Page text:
June 01, 2011

The FNPF Symposium: Presentations

Despite all the self-inflated hoopla surround our superannuation fund's PR exercise to justify why our pension rates will be reduced, we table below the various presentations made at the symposium.

Unsurprisingly, most of the material went waaaaaaaay above what we members are able to appreciate in real english and the inevitable bottom-line, that is, what it means for our back-pockets when we retire and above all WHY we are now grappling with the issue and HOW the fund can guarantee that reduced pension rates can benefit us ultimately -- no human is ever ecstatic about continuing to sink their hard-earned dollars into a sinking ship.

Many of the presentations were just boring lectures that we didn't want or need. What was and is essential is a credible two-way conversation. 

NONE of the presenters however were brave enough to take the elephant in the room by its trunk -- that this imposed exercise is expecting FNPF members to permit new legislation without constitutional and democratic oversight such as a parliamentary process. In fact, this exercise is being instigated as a proxy parliamentary process -- it is not and it continues to be an illegal exercise that they think the members will buy into wholesale.

Kudo's however to Rajeshwar Singh of the Fiji Public Service Association who fought back against the push although suggesting that member contributions should increase is essentially the same difference. We expect to see Singh as vocal, and as defensive of his clients, when the next round of civil service culls eventuate.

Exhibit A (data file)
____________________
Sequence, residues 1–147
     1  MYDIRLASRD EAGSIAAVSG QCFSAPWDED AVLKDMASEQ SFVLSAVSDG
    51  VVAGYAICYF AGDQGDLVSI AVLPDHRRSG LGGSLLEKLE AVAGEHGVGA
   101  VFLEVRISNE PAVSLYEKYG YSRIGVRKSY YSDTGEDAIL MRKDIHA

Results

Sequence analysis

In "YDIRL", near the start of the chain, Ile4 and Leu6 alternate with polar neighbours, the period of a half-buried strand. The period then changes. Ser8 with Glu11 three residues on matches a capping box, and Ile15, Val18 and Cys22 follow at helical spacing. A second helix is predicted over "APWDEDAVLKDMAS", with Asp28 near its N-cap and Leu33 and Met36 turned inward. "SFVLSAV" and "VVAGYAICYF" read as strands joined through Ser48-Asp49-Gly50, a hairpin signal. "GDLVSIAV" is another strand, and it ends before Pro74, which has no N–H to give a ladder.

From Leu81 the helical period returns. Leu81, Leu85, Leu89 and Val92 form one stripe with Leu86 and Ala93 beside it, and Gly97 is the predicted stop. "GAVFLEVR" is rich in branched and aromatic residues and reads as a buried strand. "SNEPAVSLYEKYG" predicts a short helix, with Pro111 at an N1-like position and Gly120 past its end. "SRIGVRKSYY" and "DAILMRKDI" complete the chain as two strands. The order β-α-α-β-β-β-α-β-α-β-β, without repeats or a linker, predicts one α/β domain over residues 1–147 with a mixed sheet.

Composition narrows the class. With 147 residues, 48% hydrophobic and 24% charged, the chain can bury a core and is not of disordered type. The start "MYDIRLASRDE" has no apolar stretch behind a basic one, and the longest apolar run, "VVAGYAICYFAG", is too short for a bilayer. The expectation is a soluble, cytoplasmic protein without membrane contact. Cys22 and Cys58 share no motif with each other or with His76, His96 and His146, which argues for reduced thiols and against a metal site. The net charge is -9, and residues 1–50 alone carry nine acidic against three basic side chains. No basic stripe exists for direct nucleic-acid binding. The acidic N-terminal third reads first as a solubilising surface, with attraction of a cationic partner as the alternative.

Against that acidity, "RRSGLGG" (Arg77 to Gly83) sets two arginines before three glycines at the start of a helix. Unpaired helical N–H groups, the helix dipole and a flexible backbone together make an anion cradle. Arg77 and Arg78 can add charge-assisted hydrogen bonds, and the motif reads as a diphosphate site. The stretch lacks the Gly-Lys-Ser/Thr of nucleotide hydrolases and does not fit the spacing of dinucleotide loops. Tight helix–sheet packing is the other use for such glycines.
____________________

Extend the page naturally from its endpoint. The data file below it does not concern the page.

Unsurprsingly the FNPF is well aware of the backlash that this exercise (reduced pension rates AND new legislation) is already gathering. Unsurprisingly also are their callous ideas under duress, such as bestowing "the privilege" of becoming members to Class 1 students -- if these are the type of solutions we are paying for, do not expect any miracles with this exercise.

A recent Letter to the Editor succinctly encapsulates the public mood of FNPF's endeavours:
Hope for pensioners?
writer : Emelita Wilson Suva

In comments on Fiji One News (27/5/11) the FNPF’s chief executive officer gave pensioners a reason for hope. He made it clear no final decision has been made to reduce the pensions of existing pensioners.

I speak for many who believe their pensions are to be substantially cut.

I felt duty-bound to express my concerns at the packed meeting at the Civic Centre, Suva, on May 26 to hear about the FNPF plans.

The meeting was tense. There was concern and anger in the room, and fear too. This came through in comments from the floor.

I never imagined a time would come when I would need to speak out to defend our pensions, and pension arrangements.

It’s been suggested that somehow we are wilfully exploiting the rest of the fund members. We’ve done nothing wrong.

We signed on for pension options offered by the FNPF.

The option we each chose became a legally-binding contract for payments for the rest of our lives.

Thousands of pensioners have planned their retirements on that.

If the FNPF breaks those contracts, the consequences will be profound legally, morally and socially.

Yes, reform is needed, but there is no immediate crisis because we’re told the fund can continue with present arrangements until 2050.

Current pensioners will be long gone before that.

It would be callous to the point of cruelty to take a large portion of pensioners’ legally-agreed income away in the present circumstances.

Symposium Presentations:


Anonymous said...

Vinaka Rose Langi you are spot on that BLOGS are a SOURCE of Information in PRACTICE for T & A. Well said, now what say Sharon Gobbles?.

ex Fiji tourist said...

To hairyatse, bananasinpyjamas and your sycophants:

here are some details of your new home.

You may like to pack a few books to take with you.

I hope you like ping pong. Surely bananasinpyjams must be good at it after all his hospital trips to china.